internet

BT and TalkTalk lose file-sharing appeal

BT and TalkTalk have lost an appeal over controversial measures to tackle copyright infringement online.

The internet service providers (ISPs) had argued the UK’s Digital Economy Act was incompatible with EU law.

The Act will mean ISPs will have to send warning letters to alleged illegal file downloaders, as well as potentially cutting users off.

The creative industry argues that piracy costs £400m a year in lost revenue.

The firms’ lawyers said the stricter measures could result in an invasion of privacy and run up disproportionate costs for both ISPs and consumers.

In a statement, TalkTalk said it was now “considering our options”.

“We’re disappointed that our appeal was unsuccessful though we welcome the additional legal clarity that has been provided for all parties,” the company said.

“Though we have lost this appeal we will continue fighting to defend our customers’ rights against this ill-judged legislation.”

‘Stop fighting’

The decision was welcomed by copyright advocates.

Christine Payne, general secretary of the Actors’ union Equity, called on the ISPs to “stop fighting and start obeying the law”.

“Once again the court is on the side of the almost two million workers in the creative industries whose livelihoods are put at risk because creative content is stolen on a daily basis,” she said.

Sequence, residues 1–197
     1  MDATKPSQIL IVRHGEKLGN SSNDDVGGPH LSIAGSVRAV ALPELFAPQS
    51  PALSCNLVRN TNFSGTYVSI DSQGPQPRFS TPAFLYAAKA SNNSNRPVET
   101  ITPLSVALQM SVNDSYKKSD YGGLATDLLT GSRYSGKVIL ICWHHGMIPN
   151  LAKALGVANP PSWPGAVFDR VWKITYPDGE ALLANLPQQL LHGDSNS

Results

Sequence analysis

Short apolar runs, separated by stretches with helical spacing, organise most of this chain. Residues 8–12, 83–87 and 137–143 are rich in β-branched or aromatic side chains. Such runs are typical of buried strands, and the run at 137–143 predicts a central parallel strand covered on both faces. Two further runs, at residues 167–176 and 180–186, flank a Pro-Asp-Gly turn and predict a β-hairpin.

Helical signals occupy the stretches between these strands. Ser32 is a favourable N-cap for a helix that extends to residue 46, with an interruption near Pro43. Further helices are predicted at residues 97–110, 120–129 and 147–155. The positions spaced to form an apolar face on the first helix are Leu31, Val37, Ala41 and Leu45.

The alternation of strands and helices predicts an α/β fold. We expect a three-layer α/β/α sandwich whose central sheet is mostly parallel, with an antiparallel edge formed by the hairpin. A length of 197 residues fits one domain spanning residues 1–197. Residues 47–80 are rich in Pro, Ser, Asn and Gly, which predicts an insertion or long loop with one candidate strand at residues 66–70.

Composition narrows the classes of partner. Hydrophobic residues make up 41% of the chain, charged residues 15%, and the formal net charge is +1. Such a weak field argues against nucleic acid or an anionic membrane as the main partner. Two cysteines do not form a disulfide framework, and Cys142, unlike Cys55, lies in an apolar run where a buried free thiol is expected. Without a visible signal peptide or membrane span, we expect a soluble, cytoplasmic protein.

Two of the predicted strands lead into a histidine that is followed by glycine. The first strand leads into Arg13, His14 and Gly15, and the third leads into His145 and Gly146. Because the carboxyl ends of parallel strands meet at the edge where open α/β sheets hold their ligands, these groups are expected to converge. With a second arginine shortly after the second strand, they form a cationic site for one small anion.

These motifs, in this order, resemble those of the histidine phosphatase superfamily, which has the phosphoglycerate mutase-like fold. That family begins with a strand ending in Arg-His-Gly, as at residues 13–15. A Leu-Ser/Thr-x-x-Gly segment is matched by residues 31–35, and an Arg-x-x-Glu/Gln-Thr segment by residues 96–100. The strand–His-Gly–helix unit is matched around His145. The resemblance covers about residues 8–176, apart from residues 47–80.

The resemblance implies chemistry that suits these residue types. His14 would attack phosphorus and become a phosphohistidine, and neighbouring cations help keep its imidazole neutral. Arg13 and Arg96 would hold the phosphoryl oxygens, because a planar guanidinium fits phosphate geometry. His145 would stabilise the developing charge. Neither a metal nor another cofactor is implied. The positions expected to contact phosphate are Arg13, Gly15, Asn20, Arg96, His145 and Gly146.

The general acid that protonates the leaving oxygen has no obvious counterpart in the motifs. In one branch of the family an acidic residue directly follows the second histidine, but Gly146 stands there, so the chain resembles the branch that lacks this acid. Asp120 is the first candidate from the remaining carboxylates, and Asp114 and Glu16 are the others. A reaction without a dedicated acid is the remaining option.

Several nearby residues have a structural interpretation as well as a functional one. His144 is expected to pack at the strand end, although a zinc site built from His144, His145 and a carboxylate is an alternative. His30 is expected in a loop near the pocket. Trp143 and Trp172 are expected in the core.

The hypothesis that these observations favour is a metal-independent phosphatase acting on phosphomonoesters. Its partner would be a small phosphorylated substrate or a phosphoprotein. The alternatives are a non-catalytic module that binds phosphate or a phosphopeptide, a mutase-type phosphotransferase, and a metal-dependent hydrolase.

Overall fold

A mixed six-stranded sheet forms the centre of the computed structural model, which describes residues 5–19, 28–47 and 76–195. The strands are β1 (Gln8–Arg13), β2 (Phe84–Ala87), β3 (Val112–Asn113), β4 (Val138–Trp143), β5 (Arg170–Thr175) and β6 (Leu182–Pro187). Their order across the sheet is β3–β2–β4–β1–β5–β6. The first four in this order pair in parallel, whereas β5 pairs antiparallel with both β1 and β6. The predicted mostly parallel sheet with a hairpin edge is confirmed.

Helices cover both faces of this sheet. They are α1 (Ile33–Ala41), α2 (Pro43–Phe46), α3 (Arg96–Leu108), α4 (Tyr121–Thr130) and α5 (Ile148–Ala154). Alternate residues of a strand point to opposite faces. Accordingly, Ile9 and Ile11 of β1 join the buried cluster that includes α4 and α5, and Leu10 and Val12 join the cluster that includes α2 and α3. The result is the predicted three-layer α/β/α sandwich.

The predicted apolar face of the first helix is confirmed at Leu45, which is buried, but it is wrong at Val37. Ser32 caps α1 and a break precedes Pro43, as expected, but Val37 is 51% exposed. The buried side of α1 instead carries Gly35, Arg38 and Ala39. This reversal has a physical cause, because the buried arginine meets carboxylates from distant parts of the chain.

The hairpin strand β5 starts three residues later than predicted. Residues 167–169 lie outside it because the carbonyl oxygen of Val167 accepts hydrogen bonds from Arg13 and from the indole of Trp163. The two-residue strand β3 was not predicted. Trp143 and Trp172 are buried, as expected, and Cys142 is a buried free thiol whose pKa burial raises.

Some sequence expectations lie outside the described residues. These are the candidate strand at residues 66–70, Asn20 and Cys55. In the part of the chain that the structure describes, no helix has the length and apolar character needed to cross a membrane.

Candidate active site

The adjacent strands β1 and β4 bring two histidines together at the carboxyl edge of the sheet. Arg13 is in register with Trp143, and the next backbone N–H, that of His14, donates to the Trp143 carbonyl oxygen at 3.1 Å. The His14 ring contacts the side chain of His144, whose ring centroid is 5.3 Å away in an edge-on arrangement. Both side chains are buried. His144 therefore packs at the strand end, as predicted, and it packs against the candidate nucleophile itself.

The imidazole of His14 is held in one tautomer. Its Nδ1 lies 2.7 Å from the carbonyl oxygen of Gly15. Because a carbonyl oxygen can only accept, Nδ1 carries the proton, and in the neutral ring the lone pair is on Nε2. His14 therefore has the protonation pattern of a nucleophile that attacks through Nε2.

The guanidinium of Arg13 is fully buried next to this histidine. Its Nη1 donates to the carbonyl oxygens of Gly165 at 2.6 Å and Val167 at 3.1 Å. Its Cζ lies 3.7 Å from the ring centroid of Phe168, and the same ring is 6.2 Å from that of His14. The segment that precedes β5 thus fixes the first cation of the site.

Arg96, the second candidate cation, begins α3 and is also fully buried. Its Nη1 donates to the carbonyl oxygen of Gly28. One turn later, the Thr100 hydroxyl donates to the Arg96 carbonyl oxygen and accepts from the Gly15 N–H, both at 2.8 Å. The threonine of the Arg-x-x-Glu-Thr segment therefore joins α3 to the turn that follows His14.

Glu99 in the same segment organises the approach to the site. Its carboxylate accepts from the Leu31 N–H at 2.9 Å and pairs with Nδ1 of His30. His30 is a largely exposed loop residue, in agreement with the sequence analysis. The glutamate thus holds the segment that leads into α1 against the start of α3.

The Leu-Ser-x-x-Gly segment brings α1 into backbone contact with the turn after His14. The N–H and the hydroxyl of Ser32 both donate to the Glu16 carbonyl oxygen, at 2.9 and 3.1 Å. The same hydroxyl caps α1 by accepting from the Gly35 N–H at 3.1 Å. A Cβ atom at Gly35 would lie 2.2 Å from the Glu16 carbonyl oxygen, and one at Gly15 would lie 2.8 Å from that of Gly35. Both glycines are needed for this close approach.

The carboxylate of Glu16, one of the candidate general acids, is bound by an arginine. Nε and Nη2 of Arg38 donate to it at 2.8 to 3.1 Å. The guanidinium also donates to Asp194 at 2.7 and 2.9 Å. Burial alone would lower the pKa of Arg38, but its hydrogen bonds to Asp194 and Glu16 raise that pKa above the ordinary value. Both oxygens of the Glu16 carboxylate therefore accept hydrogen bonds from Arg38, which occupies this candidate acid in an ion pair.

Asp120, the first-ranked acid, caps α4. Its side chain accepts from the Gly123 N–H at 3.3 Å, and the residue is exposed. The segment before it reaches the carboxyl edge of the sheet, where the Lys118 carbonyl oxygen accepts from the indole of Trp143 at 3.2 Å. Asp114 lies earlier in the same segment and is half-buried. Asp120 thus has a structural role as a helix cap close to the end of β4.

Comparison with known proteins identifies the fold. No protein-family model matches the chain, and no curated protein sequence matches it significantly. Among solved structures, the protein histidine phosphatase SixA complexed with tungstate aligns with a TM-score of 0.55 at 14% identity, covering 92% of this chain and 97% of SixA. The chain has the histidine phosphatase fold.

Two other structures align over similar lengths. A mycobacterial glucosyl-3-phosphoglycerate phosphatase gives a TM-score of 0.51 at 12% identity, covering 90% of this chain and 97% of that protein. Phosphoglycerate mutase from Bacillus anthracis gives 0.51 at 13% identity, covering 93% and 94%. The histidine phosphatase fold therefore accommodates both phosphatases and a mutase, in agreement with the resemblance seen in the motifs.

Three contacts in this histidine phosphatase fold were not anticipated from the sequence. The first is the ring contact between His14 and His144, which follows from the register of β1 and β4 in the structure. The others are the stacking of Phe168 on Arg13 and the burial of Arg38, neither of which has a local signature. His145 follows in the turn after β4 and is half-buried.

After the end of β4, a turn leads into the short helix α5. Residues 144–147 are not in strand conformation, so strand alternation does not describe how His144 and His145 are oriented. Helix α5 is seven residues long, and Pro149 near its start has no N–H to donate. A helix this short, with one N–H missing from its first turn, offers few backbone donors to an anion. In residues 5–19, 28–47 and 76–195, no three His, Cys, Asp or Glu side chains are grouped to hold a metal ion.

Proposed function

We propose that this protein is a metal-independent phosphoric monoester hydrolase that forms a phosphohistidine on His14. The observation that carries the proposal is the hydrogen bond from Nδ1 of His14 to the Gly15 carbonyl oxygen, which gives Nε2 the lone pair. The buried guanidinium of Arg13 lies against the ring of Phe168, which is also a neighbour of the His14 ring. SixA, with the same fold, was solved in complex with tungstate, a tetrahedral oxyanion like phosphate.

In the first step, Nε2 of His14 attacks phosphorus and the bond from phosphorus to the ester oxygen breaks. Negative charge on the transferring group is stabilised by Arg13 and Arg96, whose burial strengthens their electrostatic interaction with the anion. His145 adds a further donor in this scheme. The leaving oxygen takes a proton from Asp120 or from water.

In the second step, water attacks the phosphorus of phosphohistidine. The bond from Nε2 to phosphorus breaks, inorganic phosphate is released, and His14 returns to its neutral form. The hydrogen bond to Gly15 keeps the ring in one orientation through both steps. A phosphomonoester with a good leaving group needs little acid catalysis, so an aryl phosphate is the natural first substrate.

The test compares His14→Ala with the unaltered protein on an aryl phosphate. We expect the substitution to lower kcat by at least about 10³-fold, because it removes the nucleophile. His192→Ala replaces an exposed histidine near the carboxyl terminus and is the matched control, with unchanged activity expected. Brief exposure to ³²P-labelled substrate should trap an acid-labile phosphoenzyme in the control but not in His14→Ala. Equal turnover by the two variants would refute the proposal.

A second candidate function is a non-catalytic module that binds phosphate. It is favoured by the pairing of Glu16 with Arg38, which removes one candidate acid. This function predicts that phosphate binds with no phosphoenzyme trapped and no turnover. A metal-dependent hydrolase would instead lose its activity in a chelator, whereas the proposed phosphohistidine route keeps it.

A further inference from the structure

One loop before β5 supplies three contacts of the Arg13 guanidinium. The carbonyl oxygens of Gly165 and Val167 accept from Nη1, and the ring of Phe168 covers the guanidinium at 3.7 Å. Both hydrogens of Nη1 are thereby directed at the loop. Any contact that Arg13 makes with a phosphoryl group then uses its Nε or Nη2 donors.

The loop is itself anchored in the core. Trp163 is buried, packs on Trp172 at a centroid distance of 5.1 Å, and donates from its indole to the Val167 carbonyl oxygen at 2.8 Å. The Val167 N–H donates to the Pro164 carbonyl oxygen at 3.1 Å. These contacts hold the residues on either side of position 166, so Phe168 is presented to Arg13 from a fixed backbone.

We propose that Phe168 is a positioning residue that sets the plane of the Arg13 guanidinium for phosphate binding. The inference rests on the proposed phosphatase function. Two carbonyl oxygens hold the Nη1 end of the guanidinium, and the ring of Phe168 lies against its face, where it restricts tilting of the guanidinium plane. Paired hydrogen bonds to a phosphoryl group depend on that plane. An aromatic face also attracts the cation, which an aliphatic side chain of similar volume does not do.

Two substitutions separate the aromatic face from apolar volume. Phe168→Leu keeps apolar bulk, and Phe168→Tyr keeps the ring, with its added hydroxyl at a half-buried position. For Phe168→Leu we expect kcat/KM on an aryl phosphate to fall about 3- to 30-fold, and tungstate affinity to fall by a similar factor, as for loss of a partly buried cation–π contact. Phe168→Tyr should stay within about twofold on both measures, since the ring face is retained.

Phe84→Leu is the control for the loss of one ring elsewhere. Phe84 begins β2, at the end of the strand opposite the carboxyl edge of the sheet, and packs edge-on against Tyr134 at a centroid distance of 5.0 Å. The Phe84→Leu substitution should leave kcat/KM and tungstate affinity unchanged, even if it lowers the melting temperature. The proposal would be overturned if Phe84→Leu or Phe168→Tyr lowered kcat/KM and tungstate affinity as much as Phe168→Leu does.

Adam Rendle, a copyright specialist at international law firm Taylor Wessing, said he expected BT and TalkTalk to now appeal to the Supreme Court.

He added that it was also likely the companies would step up lobbying efforts, perhaps harnessing support from groups recently protesting against the US Stop Online Piracy Act (Sopa) and the EU’s proposed Anti-Counterfeiting Trade Agreement (Acta).

“We know how keen internet users are to protect what they see as freedom of speech,” Mr Rendle told the BBC.

“When the Digital Economy Act itself was passed in the dying stages of the Labour government, there was a huge amount of disquiet that this kind of important legislation was being introduced without proper scrutiny.

“That kind of disquiet didn’t result in the kind of action we’ve seen against Acta and Sopa. It wouldn’t be surprising to see a lot more public outcry than there was when the Act was first passed.”

Via: BBC News

Trendnet IP webcam security vulnerability found

Feeds from thousands of Trendnet home security cameras have been breached, allowing any web user to access live footage without needing a password.

Internet addresses which link to the video streams have been posted to a variety of popular messageboard sites.

Users have expressed concern after finding they could view children’s bedrooms among other locations.

Trendnet says it is in the process of releasing firmware updates to correct a coding error introduced in April 2010.

It said it had emailed customers who had registered affected devices to alert them to the problem.